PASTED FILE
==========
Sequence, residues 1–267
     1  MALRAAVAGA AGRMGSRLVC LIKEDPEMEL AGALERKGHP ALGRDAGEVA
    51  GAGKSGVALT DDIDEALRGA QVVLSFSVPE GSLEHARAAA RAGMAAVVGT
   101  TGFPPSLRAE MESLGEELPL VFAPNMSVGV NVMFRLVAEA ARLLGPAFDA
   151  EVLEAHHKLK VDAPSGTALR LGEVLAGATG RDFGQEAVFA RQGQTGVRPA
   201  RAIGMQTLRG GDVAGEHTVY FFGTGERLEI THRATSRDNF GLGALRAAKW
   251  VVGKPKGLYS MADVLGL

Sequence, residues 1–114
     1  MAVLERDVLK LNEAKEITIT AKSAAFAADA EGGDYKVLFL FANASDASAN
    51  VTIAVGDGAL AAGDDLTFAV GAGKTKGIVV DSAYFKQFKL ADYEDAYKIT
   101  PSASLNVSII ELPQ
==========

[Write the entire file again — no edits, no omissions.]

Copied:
Sequence, residues 1–267
     1  MALRAAVAGA AGRMGSRLVC LIKEDPEMEL AGALERKGHP ALGRDAGEVA
    51  GAGKSGVALT DDIDEALRGA QVVLSFSVPE GSLEHARAAA RAGMAAVVGT
   101  TGFPPSLRAE MESLGEELPL VFAPNMSVGV NVMFRLVAEA ARLLGPAFDA
   151  EVLEAHHKLK VDAPSGTALR LGEVLAGATG RDFGQEAVFA RQGQTGVRPA
   201  RAIGMQTLRG GDVAGEHTVY FFGTGERLEI THRATSRDNF GLGALRAAKW
   251  VVGKPKGLYS MADVLGL

Sequence, residues 1–114
     1  MAVLERDVLK LNEAKEITIT AKSAAFAADA EGGDYKVLFL FANASDASAN
    51  VTIAVGDGAL AAGDDLTFAV GAGKTKGIVV DSAYFKQFKL ADYEDAYKIT
   101  PSASLNVSII ELPQ